1. Very true. Depending on where you live, both spouses working might be a necessity, not a luxury.


            1. It’s the consumerist vision of life and of other human beings that is creating the loneliness and the angry, thwarted lives we see screaming and crushing statues. You are never going to be able to form a profound relationship with a human being unless shedding that human being once they become inconvenient is removed as an option. You are never going to be not lonely if you see everything and everybody in terms of maximizing your opportunities. You are never going to be not disappointed and frustrated if you don’t understand that pain and unpleasantness are normal parts of being human.

              The constant choosing, the constant need to keep choosing is what drives people nuts. The human psyche disintegrates when nothing is a certainty, everything is a choice, and everything that happens is your responsibility for making the wrong choice.

              Liked by 1 person

              1. \ You are never going to be able to form a profound relationship with a human being unless shedding that human being once they become inconvenient is removed as an option.

                I do not understand. Are you for no possibility of divorce?

                One of my personal versions of hell on earth is being trapped in an unhappy marriage.

                Besides, once one has children, utterly shedding the second parent stops being an option.


              2. Legally, of course, nobody should be forced to stay married. However, I guarantee a much much higher chances of happy married life if you decide that this is forever from the first day of marriage. The sheer relief is overwhelming. Things that would otherwise bother you become cute. The peace, the restfulness… Totally worth it.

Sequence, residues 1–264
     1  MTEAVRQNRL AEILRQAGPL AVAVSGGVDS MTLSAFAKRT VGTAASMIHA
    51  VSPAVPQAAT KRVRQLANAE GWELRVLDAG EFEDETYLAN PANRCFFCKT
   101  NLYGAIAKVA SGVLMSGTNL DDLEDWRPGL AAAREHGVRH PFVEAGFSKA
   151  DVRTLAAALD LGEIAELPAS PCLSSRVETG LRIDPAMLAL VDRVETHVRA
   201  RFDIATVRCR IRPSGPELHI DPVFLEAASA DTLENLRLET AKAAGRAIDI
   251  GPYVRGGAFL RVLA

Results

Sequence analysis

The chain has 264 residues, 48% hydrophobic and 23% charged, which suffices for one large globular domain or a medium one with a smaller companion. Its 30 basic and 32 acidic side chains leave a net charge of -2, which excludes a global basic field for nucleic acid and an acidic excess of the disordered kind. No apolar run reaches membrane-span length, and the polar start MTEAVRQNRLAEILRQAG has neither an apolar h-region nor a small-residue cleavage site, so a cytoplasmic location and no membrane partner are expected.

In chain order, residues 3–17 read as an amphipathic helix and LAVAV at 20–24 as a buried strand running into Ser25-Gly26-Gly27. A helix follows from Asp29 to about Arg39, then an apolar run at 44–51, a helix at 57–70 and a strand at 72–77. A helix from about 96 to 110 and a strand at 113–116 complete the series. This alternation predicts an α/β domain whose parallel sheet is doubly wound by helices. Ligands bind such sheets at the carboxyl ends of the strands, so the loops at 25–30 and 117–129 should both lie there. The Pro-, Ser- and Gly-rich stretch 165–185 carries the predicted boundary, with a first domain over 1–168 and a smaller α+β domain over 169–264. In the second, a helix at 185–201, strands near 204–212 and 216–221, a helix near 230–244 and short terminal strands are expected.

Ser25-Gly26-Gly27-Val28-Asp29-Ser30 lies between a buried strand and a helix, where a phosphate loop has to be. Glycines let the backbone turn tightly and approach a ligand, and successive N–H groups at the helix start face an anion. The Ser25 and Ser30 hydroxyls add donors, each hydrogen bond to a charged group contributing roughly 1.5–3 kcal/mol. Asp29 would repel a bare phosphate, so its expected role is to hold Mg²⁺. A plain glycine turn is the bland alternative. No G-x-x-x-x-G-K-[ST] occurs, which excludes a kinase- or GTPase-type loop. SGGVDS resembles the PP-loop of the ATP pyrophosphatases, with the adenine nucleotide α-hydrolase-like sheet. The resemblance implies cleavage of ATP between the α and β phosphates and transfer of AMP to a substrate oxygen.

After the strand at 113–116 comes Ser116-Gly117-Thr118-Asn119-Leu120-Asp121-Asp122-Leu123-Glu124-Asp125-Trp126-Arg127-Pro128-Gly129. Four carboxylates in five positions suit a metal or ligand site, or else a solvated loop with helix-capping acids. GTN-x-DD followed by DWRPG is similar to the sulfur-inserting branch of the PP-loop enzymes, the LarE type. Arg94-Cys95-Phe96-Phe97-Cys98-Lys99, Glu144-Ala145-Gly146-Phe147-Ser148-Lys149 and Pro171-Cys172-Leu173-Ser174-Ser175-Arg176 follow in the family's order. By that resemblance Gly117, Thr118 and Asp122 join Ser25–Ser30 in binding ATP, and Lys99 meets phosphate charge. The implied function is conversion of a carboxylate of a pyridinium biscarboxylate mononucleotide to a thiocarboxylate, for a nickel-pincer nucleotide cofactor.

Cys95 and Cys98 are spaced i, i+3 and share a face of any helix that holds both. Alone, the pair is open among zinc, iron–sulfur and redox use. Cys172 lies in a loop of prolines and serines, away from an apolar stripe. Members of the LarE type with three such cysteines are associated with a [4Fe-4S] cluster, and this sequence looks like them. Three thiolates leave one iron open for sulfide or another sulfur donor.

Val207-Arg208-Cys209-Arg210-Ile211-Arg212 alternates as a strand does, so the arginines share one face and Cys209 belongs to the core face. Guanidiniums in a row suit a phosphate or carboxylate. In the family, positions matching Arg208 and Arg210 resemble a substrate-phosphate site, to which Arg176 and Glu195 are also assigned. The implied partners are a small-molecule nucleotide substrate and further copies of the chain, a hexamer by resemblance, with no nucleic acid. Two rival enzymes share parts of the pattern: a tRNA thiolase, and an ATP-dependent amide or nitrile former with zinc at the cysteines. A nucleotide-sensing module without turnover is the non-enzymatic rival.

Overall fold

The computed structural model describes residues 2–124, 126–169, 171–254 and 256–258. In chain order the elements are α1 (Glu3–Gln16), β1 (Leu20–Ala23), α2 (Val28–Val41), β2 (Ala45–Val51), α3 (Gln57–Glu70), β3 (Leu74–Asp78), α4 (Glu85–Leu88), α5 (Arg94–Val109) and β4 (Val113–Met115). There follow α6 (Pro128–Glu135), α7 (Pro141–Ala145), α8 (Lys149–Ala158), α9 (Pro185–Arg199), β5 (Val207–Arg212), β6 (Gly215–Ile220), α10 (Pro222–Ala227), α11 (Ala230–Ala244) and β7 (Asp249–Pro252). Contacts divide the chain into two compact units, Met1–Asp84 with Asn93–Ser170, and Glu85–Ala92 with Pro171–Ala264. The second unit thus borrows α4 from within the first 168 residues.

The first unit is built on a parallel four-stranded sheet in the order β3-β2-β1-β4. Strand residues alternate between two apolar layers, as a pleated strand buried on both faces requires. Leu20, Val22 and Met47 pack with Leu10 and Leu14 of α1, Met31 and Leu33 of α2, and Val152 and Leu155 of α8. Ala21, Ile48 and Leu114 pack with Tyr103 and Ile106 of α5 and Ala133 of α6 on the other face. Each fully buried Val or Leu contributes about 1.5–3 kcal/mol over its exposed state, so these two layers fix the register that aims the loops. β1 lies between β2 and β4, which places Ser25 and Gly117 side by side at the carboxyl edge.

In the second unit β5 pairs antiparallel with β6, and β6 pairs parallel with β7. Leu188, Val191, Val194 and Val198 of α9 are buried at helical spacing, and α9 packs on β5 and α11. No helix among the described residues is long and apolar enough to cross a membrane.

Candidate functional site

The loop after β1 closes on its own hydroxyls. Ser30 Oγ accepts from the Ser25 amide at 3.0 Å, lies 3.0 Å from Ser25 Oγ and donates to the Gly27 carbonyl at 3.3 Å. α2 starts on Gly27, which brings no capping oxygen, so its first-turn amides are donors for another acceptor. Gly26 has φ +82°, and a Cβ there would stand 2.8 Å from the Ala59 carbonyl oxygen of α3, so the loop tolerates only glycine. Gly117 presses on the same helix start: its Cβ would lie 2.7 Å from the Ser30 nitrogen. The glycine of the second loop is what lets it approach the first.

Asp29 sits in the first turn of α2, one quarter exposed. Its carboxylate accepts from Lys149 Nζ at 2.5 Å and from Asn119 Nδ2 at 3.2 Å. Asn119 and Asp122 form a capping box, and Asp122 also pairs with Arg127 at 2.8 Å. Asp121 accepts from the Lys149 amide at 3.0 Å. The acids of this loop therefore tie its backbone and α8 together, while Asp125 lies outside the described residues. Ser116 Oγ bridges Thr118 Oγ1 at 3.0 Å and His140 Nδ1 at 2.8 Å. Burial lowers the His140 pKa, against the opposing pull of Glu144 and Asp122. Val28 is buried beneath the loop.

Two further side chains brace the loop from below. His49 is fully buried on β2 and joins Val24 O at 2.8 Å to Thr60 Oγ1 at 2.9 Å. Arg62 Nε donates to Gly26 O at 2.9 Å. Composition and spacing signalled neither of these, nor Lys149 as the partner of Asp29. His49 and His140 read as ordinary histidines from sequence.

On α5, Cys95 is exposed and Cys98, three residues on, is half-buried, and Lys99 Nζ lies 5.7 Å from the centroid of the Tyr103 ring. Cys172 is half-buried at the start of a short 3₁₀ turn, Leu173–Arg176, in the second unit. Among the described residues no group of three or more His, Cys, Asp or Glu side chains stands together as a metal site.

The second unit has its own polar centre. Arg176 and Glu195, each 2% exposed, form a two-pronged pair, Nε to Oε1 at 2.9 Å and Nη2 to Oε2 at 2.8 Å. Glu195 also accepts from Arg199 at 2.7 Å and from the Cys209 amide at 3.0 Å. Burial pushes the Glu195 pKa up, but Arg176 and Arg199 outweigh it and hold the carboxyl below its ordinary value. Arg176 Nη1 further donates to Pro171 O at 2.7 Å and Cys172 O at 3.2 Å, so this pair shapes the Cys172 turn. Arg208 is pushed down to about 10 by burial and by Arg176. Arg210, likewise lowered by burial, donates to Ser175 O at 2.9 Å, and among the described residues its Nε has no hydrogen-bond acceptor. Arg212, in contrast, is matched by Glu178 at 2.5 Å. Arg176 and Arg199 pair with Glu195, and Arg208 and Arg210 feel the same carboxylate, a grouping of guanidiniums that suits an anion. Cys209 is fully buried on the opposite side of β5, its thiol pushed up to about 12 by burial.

Liked by 1 person

        2. Perhaps. People in general would be much happier if they let go of fantasies of perfection. In the past there were enormous impediments for women in the workplace. We got rid of those but people need to understand that merely being able to work doesn’t make one happy. Most jobs suck. Or your job may suck for you personally. Or it may suck for a while until you move on to a better one. I find a some of my women friends unable to deal with this and blame patriarchy, their husbands or family.

          I’ve seen men suffer when they find a partner who expects gender equality for herself yet still expects the husband to be the ‘provider’. Best of both worlds! That doesn’t work. I’ve seen happy couples who believe in equality and happy couples who believe in gender roles. But you can’t have both.

          Liked by 1 person

  2. My father, who would be 103 if he were still with us, escaped an Oklahoma farm during the Great Depression and learned to weld. He spent the early years of his marriage taking night classes until he could do pretty much anything having to do with fabricating steel. At age 45, he started his own little sheet metal fabrication company – “the shop” we always called it.

    I was 5, the 7th of 9 children, when he started the shop. For years, we hardly saw him except on Sundays and for the 1 week of vacation a year my mom made him take. By then-current standards, we were not remotely rich